This is parallel to the way in which Trutanich’s “Transition Team member” David Berger, Walter Moore’s running mate (this job is reward for Berger’s staying on the campaign trail to attack Jack Weiss) and their supporters want to replace SO40 with a law authorizing the cops to question and run a check on anyone “suspected of being illegal.” A civil rights nightmare.

  • I agree with WBC, Poplockerone, (obviously) about the relevance of Luis Rodriguez’s impassioned essay.

    However, I always enjoy your cultural/historical comments, as they are informative in their own right.

  • Poplockerone, nice way to make a mountain out of a mole hill. I knew when first reading the article that Rodriguez meant mere graffiti when he said tagging, and I’m sure you did too. But when you have an agenda to discredit someone, it’s time to exaggerate their position then go for the jugular, isn’t it?

    To accuse Rodriguez of exaggerating his gang past, subtle as you may have, is baseless. His stories about growing up in Watts and San Gabriel are nuanced and consistent, and I’ve read, and heard, all of them. Your older homies in Lynwoood dispute his past? Ha ha. Well, you know what they say, ese. Gotta kill a king with one shot, and hearsay just isn’t going to cut it. You’re obviously a bitter, angry person.

  • WBC – I don’t see the connection with the graffiti injunction and Special Order 40? So far as I can tell, the new City Attorney hasn’t said anything about SO 40, neither has anyone else.
    I also applaud Luis Rodriguez for turning his life around and for what he does to help others. The point that Luis make is that it took a lot of time, and a fair amount of downward spiraling criminality, before he saw the light and changed his ways.
    Luis does not think an injunction will do what he does to stop graffiti, and he’s right. The problem is that while Luis and other intervention programs work in the long term, something has to be done in the short term. We need a way of identifying the kids who are at risk of falling deeper into the gang culture, and an injunction will put those at risk kids into the spotlight, make it harder for them to hang with their hommies, and perhaps encourage them to become more productive members of society by giving the courts the power to direct them towards intervention programs. I say give the injunction a chance, it’s not like anyone else has a sensible alternative, is it?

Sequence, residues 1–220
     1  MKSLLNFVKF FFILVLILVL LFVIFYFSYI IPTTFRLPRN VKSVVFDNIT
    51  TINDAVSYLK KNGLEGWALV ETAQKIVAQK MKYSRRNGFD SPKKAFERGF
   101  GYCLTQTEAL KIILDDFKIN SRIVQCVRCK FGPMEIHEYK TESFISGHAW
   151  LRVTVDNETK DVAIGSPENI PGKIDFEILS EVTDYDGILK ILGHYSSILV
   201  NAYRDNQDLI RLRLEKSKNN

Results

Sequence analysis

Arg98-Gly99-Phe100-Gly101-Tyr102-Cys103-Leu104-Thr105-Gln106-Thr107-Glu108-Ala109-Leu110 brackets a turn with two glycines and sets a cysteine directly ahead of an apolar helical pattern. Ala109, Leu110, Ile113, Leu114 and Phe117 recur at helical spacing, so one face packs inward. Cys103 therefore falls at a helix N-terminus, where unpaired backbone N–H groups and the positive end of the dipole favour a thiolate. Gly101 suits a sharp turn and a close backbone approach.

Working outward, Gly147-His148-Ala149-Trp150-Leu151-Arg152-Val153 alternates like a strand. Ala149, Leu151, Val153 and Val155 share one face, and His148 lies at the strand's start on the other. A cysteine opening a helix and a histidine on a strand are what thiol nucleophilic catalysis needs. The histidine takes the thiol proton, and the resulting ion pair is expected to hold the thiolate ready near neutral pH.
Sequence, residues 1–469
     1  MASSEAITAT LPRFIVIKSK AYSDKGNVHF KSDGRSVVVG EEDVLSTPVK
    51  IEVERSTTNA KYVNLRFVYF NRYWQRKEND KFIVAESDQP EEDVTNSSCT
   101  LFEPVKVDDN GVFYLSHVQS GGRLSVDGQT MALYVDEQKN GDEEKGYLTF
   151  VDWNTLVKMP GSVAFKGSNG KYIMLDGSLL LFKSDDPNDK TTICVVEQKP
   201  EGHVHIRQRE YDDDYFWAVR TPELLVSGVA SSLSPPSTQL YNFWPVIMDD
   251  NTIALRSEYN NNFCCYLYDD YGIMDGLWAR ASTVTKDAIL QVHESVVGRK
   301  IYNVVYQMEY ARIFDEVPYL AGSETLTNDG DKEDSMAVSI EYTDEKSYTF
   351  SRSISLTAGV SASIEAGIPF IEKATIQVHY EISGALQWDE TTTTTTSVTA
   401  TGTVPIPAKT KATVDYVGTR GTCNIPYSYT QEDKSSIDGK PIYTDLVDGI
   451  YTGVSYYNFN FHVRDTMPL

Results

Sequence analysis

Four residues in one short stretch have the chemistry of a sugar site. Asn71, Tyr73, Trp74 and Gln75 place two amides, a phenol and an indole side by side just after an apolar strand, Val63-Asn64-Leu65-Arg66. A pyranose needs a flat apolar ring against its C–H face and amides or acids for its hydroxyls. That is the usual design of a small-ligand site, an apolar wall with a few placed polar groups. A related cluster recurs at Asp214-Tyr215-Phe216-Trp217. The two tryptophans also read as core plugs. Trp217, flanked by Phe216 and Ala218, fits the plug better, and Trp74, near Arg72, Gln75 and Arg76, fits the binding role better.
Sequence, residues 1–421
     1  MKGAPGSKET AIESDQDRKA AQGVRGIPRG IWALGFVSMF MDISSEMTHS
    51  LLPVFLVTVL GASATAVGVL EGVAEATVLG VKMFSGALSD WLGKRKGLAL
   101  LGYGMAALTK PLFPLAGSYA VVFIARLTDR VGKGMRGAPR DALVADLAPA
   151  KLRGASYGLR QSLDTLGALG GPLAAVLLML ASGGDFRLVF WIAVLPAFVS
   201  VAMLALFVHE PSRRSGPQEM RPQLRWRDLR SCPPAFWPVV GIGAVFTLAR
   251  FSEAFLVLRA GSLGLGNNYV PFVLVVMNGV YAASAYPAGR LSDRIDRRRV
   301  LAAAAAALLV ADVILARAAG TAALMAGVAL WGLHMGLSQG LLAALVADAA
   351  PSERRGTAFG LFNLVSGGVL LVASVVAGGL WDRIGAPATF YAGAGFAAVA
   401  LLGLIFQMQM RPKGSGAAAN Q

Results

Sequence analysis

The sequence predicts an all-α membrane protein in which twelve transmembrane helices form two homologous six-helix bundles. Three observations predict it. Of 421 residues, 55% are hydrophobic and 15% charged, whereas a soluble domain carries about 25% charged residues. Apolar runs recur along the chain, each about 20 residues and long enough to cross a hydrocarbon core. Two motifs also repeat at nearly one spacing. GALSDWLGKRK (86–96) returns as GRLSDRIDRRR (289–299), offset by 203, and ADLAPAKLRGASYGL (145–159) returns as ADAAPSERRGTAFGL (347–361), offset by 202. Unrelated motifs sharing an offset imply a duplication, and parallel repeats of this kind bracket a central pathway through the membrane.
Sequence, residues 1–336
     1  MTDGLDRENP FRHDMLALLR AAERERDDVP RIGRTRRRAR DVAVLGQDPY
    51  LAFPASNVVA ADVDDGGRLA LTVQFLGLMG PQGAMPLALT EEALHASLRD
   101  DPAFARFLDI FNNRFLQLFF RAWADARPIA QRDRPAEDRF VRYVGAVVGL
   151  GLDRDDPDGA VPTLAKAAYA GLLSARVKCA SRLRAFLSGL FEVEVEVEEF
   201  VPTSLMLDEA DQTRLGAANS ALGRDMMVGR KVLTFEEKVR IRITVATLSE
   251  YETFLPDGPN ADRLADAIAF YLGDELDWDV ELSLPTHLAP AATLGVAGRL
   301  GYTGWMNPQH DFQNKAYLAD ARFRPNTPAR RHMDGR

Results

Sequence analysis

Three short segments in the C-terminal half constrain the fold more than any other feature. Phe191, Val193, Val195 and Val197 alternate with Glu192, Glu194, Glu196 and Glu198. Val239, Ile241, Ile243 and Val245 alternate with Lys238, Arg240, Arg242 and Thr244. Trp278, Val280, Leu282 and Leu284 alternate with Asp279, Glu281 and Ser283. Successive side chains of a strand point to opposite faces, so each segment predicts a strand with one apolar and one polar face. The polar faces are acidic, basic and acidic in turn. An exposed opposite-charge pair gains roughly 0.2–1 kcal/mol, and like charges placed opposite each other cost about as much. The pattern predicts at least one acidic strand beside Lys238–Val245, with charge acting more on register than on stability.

• Try not to laugh, guys. Kelvin thinks the forces behind gang injunctions have any intention whatsoever of helping those who are served.

  • Thanks, Sisco, for making my point, your sensible alternative is….?
    Exactly, nothing. You just want to wait until the taggers get tired of the La Vida Loca and eventually see the light and become poets. Don’t laugh guys, anyone who thinks taggers don’t become worse before they get better needs a reality check.

  • Kelvin, there’s no point in arguing with someone so incredibly naive as to believe that gang injunctions were designed to help those served with injunctions get out of gangs.

  • Kelvin Says:
    September 7th, 2009 at 1:03 am

    “your sensible alternative is….?”


    My sensible alternative is: To enforce the laws as they were written by our elected representatives, and to honor the United States Constitution, which is the supreme law of the land. Civil lawsuits that infringe on anyone’s constitutional rights undermines the foundation of our free republic, and therefore is a threat to the republic, no matter how sensible the action may seem to certain district attorneys and law enforcement officials with ambitious political agendas. If that’s not sensible enough for you, Kelvin, you’re living in the wrong country.

  • Graffiti has been around in LA and SF since the twenties – verified by my abuelita.

    And Kelvin – Civil lawsuits are not the issue. There is nothing wrong with dealing with this issue in civil court. The issue is: Since when does having possession of a spray can constitute criminal action and JAIL TIME? Criminal vs. Civil

  • 5 of the candidates for CD5 councilperson were on rightwinger Kevin James’ show tonight. (He’s the “home” of his homie Trutanich, Zine, Cooley, the conservative Republicans.) James specifically aksed them about this issue, whether they agree with Trutanich OR think those who believe he just may be violating some constitutional issues may have a point: you get where he was going with this as a litmus test.

    Every ONE of them including Tamar Galatzan, said they agreed with and supported Trutanich. BUT they all talked about the issue of tagging as a gateway crime, NOT about the fact that this particular injunction was written as it is, to declare it a crime by assocition even if someone is NOT a tagger. As kelvin argues, to instill the fear of associating with someone who just MIGHT be.

    SO EXASPERATING since you and I both go out of our way to emphasize that we are NOT talking about actual taggers. A crime for which there ARE remedies long proposed by “law and order” Democrats, like making them and/or parents pay for removal and restoring of property, using RICO laws as our liberal commenter Woody has proposed, etc.: none of which would violate the constitution and be lawsuit magnets, which Trutanich’s current proposed injunction defintely is. HOW SAD for “democracy” in L A.